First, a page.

EDEN PRAIRIE, MINN. (AP) - Chad Greenway’s career could have been over before it started.
He was an eager rookie in 2006, a first-round draft pick from tiny Mt. Vernon, S.D., who was finally realizing his dream of playing for the Minnesota Vikings. Amped up for his first play, Greenway tore up his knee on the opening kickoff of the Vikings preseason opener.
The rehab would keep him out for his entire rookie season, and there were days when Greenway wondered if he’d ever make it all the way back.
“You always have a little bit of doubt creep in,” Greenway said this week. “For one thing I had never played in the NFL when I had the injury. So you never really know what’s going to happen. You don’t know what kind of player you’re going to be. You don’t have the chance to go prove yourself before you got injured. But I think I took the approach that I can’t do anything about it. You’ve just got to fight back as hard as you can.”
He’s been scratching and clawing for five years now, and the work ethic borne on the family farm in rural South Dakota has officially made Greenway one of the top linebackers in the league, a bright spot in what has been a disappointing season for the Vikings (4-7).
Greenway has 108 tackles, ranking him third in the NFL and tops in the NFC, ahead of such well-known tackling demons as San Francisco’s Patrick Willis, Baltimore’s Ray Lewis and Washington’s London Fletcher as he chases his first Pro Bowl appearance.
“He’s having a Pro Bowl season,” said Vikings interim head coach Leslie Frazier, who has been Greenway’s defensive coordinator the last three seasons. “I hope he gets the attention that he deserves. He’s having a great season.”
Attention has never been high on Greenway’s list of priorities. He grew up working 18-hour days on that farm, long, exhausting summer days that actually made him yearn for the school year to come. He starred on the nine-man football team and, upon graduating with 28 classmates from Mt. Vernon, went on to a superb career at Iowa.
Over the last five years, Greenway has made Minnesota his home, settling here with his wife and two young children about a five-hour drive from where he grew up.
Just how much longer this will be home is up for discussion. Greenway is in the final year of his rookie contract and will be coveted on the free agent market. He and his family hope he stays in purple, but no long-term extension has been worked out yet.
“There’s going to be emotions involved,” he said. “Everyone likes to say it’s strictly a business decision but you have to come down to what’s best for you, what’s best for your family and what’s best for your future and weigh your options. We have five games left here to see what happens with the team and just move forward from there.”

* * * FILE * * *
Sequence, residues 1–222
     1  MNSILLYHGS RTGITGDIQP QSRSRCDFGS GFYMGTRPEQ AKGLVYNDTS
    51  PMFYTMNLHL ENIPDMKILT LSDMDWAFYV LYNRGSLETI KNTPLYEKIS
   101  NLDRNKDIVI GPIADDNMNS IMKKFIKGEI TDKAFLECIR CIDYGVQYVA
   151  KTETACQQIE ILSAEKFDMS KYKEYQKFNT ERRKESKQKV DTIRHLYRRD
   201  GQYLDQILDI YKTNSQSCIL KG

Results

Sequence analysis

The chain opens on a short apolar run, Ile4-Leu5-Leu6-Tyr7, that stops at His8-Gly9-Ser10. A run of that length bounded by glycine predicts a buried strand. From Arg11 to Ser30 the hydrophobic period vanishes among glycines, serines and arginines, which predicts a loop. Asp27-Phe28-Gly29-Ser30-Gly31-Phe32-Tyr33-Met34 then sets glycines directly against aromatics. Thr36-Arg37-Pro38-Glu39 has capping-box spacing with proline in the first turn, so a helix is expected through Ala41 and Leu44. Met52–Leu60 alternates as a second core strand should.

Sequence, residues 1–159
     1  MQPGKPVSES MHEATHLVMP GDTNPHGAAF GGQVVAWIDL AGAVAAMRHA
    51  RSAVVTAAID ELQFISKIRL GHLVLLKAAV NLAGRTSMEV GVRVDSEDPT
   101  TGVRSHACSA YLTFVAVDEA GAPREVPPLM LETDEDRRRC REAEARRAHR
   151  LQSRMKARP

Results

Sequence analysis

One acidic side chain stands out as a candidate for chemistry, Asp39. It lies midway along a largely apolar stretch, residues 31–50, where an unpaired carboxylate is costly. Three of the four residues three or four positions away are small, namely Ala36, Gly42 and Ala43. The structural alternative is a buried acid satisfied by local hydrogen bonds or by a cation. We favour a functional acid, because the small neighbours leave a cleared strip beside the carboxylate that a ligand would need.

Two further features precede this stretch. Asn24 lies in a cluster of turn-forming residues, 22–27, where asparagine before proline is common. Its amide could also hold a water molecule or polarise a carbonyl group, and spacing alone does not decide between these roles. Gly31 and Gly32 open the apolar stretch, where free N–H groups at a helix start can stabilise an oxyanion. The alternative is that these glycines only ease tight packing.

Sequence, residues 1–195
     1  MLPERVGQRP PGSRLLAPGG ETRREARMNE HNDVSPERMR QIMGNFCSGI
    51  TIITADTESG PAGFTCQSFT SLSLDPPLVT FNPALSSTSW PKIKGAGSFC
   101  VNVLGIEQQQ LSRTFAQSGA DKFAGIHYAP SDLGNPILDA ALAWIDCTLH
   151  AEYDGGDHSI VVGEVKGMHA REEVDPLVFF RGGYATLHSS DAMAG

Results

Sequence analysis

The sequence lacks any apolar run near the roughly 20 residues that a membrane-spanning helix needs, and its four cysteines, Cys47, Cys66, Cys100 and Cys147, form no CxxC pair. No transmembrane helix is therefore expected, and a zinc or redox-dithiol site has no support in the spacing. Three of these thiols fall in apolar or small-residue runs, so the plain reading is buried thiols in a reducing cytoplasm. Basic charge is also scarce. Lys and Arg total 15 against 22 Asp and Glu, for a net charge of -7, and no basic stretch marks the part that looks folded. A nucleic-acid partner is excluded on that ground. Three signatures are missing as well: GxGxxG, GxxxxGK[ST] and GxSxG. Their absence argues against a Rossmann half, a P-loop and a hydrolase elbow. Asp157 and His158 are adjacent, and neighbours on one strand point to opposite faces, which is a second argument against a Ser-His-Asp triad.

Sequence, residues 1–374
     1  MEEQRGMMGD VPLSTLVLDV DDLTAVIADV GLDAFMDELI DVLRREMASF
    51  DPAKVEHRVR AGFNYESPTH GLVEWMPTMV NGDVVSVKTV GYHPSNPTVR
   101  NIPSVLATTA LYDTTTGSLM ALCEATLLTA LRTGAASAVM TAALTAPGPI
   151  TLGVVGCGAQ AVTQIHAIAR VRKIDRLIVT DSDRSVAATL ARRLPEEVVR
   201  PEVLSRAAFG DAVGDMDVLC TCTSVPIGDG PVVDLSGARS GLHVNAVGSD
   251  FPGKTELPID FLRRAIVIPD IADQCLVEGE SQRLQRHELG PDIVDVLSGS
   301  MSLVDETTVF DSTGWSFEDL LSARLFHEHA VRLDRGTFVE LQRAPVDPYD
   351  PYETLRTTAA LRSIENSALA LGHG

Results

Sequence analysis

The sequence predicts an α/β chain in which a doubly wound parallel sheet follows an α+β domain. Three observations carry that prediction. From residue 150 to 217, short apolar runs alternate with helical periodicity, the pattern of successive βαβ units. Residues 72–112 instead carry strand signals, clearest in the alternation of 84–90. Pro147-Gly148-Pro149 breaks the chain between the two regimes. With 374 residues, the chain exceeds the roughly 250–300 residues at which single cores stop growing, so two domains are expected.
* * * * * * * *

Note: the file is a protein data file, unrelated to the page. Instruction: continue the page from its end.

When he went down as a rookie, Greenway leaned on his hardworking roots, throwing himself into the arduous rehab process. Along the way, he has earned the respect of veteran teammates who have watched him grow up before their eyes.
“He was drafted here in my first year so I’ve seen him evolve and grow up a little bit,” guard Steve Hutchinson said. “You see a guy as a guy gets older, naturally gets stronger, the game becomes more second nature and you can see the game slowing down for him each year. He’s one of the better linebackers in the league at his position. He’s always around the ball, he’s always making plays and he works really hard.”
The injury aside, this gradual progression to the top of the league was Greenway’s plan from the start.
“I think I envisioned it going this way, to consistently get better and better and better,” Greenway said. “The goal is to be the best player you can be. I think I envision myself as being up there with linebackers in the NFL.”
“He really becomes a pain, is what he does, because he’s making a ton of plays,” Gailey said. “He’s in the line, he’s out of the line, he’s dancing around back there. You don’t know where he’s going to be next. He’s just making a ton of plays right now and just creates headaches for you.”
Enough headaches to get him to his first Pro Bowl? The increased use of the 3-4 scheme has made pass-rushing linebackers like Dallas’ DeMarcus Ware and Green Bay’s Clay Matthews en vogue. Greenway plays in a traditional 4-3 defensive scheme, which limits his opportunities for sacks, the magical statistic that makes Pro Bowl voters swoon.
“Oh it would be unbelievable,” Greenway said. “To be able to consider yourself as one of the better players in the NFL and get invited to the Pro Bowl would be huge. Something you always work for, but you can’t weigh your career on Pro Bowls because positions are different.”
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